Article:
Written in Bone was a popular exhibit in the Museum for almost five years (February 7, 2009 to January 6, 2014); this website was developed originally to enhance the information available in the exhibit and continues as a freestanding entity now that the exhibit is closed. This site examines history through 17th-century bone biographies, including those of colonists teetering on the edge of survival at Jamestown, Virginia, Maryland colonists living in the wealthy and well-established settlement of St. Mary’s City, farmers located in Leavy Neck in Anne Arundel County, and African slaves and European immigrants living in other locations in the Chesapeake Bay area. Scientists affiliated with these projects worked with Smithsonian anthropologists in the development of the original exhibit and this website.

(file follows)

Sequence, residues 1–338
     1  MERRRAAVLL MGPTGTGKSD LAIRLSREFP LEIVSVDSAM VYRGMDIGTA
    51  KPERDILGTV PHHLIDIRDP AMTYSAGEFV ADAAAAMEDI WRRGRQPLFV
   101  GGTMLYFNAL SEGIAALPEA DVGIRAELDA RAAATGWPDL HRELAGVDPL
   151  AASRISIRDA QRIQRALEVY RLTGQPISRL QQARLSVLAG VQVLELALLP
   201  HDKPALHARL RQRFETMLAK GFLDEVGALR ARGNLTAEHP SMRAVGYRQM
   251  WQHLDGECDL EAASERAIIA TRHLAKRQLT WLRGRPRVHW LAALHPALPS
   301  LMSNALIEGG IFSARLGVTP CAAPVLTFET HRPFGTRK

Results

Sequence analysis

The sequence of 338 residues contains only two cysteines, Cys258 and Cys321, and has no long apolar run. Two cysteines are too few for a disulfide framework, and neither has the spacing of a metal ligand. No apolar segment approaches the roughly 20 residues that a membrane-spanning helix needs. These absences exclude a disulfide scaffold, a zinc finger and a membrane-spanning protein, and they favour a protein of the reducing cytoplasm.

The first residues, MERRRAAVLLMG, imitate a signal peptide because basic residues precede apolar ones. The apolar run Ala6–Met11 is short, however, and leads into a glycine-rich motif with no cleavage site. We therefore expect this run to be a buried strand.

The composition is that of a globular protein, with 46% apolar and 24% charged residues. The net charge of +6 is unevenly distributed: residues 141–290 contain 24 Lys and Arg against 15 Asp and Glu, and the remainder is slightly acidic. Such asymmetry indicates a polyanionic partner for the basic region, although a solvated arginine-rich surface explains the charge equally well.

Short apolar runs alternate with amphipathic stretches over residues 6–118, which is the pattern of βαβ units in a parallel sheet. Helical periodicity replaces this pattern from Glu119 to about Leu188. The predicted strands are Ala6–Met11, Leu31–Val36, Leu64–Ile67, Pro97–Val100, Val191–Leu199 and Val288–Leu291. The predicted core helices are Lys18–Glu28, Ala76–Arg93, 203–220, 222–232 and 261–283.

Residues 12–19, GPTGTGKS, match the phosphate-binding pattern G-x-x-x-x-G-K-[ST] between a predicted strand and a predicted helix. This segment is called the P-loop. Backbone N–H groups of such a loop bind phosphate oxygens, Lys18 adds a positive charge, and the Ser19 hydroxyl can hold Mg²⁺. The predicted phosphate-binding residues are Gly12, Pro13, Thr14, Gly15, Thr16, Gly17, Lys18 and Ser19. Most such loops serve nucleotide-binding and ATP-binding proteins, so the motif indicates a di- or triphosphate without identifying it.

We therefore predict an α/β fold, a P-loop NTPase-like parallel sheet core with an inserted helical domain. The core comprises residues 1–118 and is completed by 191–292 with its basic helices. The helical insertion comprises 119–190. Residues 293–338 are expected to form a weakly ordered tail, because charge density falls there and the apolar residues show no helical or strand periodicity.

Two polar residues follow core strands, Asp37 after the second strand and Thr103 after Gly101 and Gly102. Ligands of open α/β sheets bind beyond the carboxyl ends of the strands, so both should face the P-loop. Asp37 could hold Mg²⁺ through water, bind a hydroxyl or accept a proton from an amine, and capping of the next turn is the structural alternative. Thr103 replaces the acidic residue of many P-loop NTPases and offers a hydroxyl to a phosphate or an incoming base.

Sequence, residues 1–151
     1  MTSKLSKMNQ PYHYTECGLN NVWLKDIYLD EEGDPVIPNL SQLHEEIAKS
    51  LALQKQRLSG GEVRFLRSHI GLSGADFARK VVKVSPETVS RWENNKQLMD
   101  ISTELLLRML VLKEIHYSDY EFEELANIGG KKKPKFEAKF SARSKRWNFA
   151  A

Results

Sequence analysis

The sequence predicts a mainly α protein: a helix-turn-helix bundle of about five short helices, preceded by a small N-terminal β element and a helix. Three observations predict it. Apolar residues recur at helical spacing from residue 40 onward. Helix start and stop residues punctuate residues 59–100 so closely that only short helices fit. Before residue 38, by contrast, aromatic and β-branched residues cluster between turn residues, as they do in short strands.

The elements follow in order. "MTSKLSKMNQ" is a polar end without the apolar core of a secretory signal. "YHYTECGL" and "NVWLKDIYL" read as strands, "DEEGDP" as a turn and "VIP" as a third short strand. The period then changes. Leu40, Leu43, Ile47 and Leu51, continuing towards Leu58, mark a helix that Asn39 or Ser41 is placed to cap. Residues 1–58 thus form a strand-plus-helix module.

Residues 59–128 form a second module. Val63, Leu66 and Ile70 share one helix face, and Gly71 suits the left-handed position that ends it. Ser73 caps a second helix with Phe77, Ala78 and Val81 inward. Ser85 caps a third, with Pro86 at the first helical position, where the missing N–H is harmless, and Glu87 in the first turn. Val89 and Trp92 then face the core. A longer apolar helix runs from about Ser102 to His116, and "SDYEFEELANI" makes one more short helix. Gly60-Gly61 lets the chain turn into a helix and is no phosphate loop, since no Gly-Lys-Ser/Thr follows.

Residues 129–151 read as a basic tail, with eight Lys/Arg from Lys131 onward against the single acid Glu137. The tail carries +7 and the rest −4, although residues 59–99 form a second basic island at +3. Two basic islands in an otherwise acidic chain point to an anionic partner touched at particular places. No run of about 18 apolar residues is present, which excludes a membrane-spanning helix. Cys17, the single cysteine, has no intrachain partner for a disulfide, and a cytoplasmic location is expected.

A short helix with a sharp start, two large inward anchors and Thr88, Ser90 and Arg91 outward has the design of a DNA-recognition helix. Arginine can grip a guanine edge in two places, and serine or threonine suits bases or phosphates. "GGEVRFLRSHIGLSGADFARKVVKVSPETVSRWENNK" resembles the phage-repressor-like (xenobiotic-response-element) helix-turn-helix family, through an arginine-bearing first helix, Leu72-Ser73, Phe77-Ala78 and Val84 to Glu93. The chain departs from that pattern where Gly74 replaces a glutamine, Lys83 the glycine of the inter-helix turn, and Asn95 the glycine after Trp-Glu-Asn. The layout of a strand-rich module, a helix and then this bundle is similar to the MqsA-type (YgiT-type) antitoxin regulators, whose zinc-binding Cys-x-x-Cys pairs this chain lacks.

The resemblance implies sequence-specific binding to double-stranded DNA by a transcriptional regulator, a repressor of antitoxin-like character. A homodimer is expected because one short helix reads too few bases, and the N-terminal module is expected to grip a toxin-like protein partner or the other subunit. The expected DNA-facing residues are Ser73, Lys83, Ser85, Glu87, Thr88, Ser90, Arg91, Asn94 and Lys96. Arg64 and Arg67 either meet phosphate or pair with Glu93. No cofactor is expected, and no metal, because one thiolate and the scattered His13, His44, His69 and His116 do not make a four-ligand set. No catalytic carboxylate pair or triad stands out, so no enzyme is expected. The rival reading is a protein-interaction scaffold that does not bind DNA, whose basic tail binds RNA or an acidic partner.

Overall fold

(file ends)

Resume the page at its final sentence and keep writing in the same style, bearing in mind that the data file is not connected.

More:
Paleoanthropology is the scientific study of human evolution. Paleoanthropology is a subfield of anthropology, the study of human culture, society, and biology. The field involves an understanding of the similarities and differences between humans and other species in their genes, body form, physiology, and behavior.
3. Cultural Anthropology
Cultural anthropologists specialize in the study of culture and beliefs, practices, and the cognitive and social organization of human groups. These scientists study how people who share a common cultural system organize and shape the physical and social world around them, and are in turn shaped by those ideas, behaviors, and physical environments.